VENDOR IRE MOUNTS AS STORES HIKE CHARGEBACK PENALTIES
Byline: Rosemary Feitelberg
NEW YORK — Chargebacks, the longtime nemesis of the vendor, are escalating, according to a number of hosiery makers.
Describing these penalty charges as arbitrary and often unjustified, manufacturers have long railed against these fees levied on them by stores for damaged goods, incomplete orders and mislabeled merchandise. Over the past year, the vendors complain, retail consolidations, high turnover among retail employees and a generally tough environment are pushing the practice to new levels.
Some hosiery executives feel it’s especially unfair — or at least ironic — that they’re among the targets of mounting chargebacks, since legwear as a category has been doing well for the stores.
In addition to implementing hefty handling fees, a growing number of retailers are charging new penalties such as a 10-cent fee for units whose bar codes don’t scan on the first attempt.
Complaints are not universal, though. A few key resources said they licked the problem, by following retailers’ shipping guidelines to the tee, and at least one major retailer says it is attempting to better communicate what it wants from suppliers.
“Buyers,” said a spokeswoman for Sears, Roebuck, “have been working closely with vendors to insure they understand our shipping requirements.”
The aim is to “reduce our operating expenses as merchandise is moved from manufacturers to the sales floor,” she said.
Sears does not have a chargeback system that uses set fees; buyers assess and levy chargebacks as they see fit, the spokeswoman said. However, she added, the company is considering implementing specific guidelines for chargebacks, she said.
Many other retailers, though, were not as willing to discuss chargeback procedures. Executives from Nordstrom, Montgomery Ward, Federated Department Stores, Elder-Beerman, J.C. Penney, Mercantile, Bradlees, Lord & Taylor, Saks Fifth Avenue and Carson Pirie Scott and May Department Stores Co. all declined to comment on the issue.
Meanwhile, several manufacturers readily attacked the subject, although some wouldn’t let themselves be identified.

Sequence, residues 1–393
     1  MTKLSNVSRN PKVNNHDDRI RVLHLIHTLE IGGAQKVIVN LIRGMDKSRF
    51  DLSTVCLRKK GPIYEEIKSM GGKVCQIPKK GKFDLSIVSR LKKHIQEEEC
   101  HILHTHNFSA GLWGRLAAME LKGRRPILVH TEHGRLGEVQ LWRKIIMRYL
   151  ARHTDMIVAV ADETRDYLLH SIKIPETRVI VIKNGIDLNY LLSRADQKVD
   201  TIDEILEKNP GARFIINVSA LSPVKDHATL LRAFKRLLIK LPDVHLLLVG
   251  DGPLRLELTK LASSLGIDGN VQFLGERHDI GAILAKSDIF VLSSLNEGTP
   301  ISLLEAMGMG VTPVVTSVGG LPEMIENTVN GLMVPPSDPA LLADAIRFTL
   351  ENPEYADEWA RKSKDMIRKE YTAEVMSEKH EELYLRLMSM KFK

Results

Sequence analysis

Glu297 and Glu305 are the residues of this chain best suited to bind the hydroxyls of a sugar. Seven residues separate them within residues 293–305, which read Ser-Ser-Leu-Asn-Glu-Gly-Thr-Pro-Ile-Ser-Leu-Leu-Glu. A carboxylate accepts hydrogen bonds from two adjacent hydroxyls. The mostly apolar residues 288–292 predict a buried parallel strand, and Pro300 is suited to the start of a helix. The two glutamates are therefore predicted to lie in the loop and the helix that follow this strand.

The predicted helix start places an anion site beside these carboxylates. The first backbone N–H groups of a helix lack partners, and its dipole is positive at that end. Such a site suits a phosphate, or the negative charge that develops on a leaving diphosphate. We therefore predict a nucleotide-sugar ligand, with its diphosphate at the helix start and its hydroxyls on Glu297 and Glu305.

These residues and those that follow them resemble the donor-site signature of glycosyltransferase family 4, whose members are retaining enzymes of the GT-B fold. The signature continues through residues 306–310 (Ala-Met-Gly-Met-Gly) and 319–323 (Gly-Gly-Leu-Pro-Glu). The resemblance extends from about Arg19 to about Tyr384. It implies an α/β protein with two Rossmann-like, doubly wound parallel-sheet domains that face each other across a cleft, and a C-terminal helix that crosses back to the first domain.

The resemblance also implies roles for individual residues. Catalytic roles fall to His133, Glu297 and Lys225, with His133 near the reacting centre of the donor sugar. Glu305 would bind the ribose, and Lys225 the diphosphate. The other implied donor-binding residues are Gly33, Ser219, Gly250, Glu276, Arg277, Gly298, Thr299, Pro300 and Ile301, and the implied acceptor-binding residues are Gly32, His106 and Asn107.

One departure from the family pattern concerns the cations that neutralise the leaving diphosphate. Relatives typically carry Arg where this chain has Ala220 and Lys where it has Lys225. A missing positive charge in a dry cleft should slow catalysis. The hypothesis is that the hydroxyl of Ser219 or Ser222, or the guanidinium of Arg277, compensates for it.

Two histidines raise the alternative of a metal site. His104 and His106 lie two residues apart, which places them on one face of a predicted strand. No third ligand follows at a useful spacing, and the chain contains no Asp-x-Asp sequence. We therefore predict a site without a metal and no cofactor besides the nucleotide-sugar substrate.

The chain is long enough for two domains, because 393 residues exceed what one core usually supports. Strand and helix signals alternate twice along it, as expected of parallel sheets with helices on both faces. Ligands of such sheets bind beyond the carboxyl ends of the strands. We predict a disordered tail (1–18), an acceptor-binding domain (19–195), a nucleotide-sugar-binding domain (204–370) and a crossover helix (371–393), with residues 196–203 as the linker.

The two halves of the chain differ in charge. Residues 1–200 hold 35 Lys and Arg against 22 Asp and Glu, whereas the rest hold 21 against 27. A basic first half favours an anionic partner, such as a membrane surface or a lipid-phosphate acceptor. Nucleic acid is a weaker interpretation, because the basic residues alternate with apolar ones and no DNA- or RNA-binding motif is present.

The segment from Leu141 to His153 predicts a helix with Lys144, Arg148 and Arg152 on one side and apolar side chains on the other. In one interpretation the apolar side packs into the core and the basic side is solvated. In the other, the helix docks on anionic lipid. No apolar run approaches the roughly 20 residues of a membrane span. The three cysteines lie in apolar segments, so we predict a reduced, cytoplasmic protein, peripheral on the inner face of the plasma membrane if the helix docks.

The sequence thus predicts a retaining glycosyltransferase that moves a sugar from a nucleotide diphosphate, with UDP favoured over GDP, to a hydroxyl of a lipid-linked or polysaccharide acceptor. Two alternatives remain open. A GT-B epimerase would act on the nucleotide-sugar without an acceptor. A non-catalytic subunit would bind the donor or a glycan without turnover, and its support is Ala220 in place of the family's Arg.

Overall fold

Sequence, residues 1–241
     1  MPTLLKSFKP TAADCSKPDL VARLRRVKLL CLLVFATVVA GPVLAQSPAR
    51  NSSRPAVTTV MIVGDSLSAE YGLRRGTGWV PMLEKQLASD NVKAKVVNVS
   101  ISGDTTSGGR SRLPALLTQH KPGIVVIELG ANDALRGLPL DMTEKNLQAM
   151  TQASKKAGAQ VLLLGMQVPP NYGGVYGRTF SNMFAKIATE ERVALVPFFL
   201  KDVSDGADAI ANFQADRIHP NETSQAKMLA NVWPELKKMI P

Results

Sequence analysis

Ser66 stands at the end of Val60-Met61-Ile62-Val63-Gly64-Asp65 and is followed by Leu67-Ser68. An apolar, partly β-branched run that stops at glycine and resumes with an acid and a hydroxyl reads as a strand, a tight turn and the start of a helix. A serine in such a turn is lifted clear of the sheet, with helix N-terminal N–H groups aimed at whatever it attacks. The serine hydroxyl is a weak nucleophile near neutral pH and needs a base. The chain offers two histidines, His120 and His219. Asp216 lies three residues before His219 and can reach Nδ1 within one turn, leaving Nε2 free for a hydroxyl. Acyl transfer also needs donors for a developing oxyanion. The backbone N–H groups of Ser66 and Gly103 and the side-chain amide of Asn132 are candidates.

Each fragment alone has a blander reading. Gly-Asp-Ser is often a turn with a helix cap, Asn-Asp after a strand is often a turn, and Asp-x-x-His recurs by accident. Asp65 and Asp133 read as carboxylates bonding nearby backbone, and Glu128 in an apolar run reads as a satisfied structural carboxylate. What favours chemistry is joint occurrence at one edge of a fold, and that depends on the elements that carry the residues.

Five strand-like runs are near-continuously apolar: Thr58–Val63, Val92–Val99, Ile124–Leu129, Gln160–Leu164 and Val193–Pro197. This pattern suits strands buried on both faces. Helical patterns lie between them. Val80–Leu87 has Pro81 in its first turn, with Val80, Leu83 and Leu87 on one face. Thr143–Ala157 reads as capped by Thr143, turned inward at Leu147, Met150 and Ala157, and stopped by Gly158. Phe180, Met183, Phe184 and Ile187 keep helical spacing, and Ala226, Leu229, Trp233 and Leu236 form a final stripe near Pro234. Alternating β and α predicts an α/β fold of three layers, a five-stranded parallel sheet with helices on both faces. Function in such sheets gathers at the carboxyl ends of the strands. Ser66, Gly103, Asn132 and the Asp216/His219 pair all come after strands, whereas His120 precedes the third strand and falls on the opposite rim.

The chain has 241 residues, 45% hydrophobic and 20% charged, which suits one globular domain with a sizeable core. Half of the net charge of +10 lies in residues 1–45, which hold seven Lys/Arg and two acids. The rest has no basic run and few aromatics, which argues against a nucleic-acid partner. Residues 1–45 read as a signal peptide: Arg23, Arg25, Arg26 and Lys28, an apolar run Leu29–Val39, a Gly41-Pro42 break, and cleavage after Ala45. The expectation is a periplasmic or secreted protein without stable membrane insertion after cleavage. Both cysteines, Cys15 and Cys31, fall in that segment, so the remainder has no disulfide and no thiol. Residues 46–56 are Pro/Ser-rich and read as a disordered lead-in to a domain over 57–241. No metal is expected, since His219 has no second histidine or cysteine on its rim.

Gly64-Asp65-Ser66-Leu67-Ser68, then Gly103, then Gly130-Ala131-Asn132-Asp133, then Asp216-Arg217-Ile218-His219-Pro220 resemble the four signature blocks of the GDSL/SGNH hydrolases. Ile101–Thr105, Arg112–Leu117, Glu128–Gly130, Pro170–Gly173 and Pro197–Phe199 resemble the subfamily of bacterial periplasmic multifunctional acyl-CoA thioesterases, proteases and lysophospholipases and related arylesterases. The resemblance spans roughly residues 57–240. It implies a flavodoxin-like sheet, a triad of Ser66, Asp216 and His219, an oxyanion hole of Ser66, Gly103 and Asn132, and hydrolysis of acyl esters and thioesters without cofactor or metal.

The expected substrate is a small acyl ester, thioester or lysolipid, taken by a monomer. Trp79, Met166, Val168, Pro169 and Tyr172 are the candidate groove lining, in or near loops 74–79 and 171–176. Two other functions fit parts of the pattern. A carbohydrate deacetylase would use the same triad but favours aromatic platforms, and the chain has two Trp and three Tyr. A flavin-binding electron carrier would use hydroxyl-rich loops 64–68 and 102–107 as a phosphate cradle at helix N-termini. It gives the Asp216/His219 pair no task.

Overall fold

In 1994, a major hosiery manufacturer incurred $1 million in chargeback fees, according to a senior executive who requested anonymity. In the first two months of this year, fees for shipping violations have exceeded last year’s figures, he said.
“Sometimes chargebacks are more than the value of the merchandise,” he said. “It’s their word against ours. When we duke it out, I try to keep my salespeople out of it.” He does this to prevent ongoing tensions between his sales representatives and the buyers.
In the past five years, this hosiery manufacturer doubled the number of employees who handle chargebacks, he said.
May Co., Federated Department Stores, including Macy’s, and Nordstrom are some of the heaviest offenders, he added.
In 1994, DML Marketing, which distributes Leggale and its licensed Kenneth Cole legwear, registered $250,000 in chargebacks — a 20 percent increase compared to the previous year, according to Mark Hierbaum, president and chief executive officer.
DML generally disputes 50 percent of its chargebacks, of which half are dropped, he said.
“It’s tough but there are only so many people to sell to,” Hierbaum said. “We’re all buckled into it. It’s part of doing business today.”
The problem is more common among large department stores and specialty stores than mass marketers, he said.
In one instance, a major department store slapped DML with a $300 handling fee for a one-pair shortage and a year passed before the charge was dismissed.
Despite the hassle of chargebacks, some advancements have been made, he said. With today’s technology, most retailers notify vendors of chargebacks electronically, which itemize the penalties, Hierbaum said.